After taking ownership of his poor play at half time, AJ Hoggard took control in the second half. Hoggard brought the ball up, he probed the defense and he found teammates open for their shots. This is the type of point guard play MSU has not seen since the departure of Cassius Winston.
If Hoggard can control the tempo, push the ball around, and locate teammates in scoring positions, MSU is a completely different team.
After struggling to score throughout Big Ten Play, Michigan State has found offense over the last four games. MSU scored 72 against Michigan, 80 against Indiana, 100 (in regulation) against Iowa, and 80 tonight.
This higher scoring offense could power a much more dangerous Michigan State in the postseason.
POINT 2: Michigan State is still struggling to balance faster offense with solid defense
For 26 minutes tonight, Michigan State’s defense looked non-existent. MSU was so geared up to shoot in the first fifteen minutes of the game, it looked like they wanted to let Nebraska score so MSU could go back on offense.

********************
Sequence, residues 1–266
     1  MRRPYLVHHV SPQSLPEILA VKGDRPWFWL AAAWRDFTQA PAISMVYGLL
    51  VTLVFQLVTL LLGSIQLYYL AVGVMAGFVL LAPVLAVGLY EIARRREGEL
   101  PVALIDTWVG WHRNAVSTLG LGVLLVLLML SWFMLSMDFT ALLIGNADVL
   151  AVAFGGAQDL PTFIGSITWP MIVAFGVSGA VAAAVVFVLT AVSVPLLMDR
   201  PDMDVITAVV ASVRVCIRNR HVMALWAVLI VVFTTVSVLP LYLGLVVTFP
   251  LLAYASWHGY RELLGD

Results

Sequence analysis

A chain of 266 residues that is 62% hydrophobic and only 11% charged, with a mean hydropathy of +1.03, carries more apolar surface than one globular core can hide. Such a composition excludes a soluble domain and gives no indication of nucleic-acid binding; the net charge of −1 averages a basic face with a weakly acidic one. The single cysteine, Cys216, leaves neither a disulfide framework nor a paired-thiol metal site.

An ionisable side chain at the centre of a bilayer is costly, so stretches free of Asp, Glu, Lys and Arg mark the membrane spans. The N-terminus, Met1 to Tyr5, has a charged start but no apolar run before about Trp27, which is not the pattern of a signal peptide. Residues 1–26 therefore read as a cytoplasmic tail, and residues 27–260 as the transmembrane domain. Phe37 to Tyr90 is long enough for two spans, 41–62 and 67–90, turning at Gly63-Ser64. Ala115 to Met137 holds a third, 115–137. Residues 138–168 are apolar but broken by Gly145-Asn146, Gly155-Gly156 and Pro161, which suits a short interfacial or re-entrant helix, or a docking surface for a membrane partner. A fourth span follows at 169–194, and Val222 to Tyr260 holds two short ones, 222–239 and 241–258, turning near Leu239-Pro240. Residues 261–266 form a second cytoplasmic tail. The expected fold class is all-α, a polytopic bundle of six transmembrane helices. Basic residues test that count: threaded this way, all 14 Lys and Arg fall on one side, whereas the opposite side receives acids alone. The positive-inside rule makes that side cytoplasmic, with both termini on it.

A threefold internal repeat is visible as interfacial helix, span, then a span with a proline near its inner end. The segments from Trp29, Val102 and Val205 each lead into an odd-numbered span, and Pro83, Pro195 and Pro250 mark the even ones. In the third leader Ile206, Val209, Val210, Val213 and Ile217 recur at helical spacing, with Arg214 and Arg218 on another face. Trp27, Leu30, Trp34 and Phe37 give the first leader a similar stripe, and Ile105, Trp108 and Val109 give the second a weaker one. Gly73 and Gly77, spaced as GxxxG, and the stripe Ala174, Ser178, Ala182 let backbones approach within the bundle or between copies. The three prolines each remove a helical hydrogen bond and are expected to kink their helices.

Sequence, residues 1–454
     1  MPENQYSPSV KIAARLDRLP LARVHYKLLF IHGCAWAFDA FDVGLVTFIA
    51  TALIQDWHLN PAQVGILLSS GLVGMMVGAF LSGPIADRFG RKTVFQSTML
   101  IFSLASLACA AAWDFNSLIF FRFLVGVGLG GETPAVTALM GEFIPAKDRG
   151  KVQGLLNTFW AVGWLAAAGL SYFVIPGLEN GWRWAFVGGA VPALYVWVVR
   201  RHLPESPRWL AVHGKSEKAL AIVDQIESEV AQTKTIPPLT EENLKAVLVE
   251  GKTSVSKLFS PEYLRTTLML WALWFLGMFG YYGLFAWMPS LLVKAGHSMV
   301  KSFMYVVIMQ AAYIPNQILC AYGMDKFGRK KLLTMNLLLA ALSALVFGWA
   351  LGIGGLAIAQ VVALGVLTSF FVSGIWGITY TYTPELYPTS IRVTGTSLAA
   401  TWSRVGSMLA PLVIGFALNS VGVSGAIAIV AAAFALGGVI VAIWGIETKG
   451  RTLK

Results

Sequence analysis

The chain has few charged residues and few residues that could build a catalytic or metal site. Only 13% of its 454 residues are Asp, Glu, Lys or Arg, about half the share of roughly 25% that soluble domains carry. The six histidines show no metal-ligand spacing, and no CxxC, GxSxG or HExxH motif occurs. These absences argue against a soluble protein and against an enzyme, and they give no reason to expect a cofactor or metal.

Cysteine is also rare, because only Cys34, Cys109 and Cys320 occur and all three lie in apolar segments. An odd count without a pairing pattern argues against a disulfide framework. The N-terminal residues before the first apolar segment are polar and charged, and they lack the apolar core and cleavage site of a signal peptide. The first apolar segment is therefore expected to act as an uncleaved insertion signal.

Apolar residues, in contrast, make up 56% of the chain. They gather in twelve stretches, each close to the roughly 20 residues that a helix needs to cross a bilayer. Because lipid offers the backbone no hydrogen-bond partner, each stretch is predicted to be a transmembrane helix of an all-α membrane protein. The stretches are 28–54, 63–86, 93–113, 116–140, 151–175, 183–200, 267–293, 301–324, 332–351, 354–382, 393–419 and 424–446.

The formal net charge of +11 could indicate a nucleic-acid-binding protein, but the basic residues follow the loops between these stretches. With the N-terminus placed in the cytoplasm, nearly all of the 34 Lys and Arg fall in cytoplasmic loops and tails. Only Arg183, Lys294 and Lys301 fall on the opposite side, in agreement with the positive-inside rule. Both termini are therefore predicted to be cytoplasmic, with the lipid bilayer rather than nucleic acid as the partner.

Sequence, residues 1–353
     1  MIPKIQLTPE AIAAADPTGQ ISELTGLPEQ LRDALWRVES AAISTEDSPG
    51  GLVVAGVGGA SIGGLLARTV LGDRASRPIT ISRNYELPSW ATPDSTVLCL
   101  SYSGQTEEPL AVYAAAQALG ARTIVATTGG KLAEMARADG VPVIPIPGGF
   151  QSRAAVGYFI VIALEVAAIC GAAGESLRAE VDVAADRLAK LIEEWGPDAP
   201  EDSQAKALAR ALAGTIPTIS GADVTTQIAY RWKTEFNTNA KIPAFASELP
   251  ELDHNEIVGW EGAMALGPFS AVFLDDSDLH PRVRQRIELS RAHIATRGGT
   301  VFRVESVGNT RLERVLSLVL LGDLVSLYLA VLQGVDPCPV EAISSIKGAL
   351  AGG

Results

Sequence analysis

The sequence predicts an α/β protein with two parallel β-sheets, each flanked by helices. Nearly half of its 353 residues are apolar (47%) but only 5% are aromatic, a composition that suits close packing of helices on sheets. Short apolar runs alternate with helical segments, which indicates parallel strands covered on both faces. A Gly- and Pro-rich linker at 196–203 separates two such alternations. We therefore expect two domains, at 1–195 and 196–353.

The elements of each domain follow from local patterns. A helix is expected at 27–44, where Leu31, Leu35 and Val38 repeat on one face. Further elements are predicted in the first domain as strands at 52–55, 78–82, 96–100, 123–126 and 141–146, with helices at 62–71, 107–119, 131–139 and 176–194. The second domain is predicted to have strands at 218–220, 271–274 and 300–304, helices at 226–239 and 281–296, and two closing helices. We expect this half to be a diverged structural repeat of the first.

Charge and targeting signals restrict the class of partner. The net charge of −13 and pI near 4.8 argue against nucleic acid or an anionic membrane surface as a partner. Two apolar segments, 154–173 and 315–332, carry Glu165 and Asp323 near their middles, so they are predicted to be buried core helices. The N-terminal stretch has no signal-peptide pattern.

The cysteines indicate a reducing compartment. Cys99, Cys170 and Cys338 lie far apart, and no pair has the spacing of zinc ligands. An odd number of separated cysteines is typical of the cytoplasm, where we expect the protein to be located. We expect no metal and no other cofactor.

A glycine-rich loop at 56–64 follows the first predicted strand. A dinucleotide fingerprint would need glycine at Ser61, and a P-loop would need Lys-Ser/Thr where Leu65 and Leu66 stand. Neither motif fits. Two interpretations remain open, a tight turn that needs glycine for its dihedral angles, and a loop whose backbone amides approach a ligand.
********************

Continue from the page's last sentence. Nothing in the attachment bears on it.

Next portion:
It didn’t help that Nebraska was so hot, it felt like they could have shot blind folded. Regardless, Nebraska was given way too many open looks, and punishing passes into the paint for embarrassingly easy layups.
Michigan State is still learning to control their newly potent offense. It’s exciting to watch Michigan State finally run with the ball, and take shots aggressively. It’s a lot less fun to watch that paired with a defense that looks like an afterthought.
Nebraska is not nearly the matchup problem many in the Big Ten are for Michigan State. There is no wildly dominant big man (though Derrick Walker is very talented), and athletically Nebraska is not particularly scary.
This is the type of team MSU can game plan their way to success on defense. And eventually the game plan came together. Coach Izzo said in postgame comments that the message at half time was simple: “Guard Someone. Anyone!”
Sometimes it is just that simple.
As AJ Hoggard started controlling the pace more effectively in the second half, it helped the Spartans settle in on defense. The team needed Hoggard to lead the break in transition, probe for weak spots early, and then bring the ball out to the top and start swinging it around.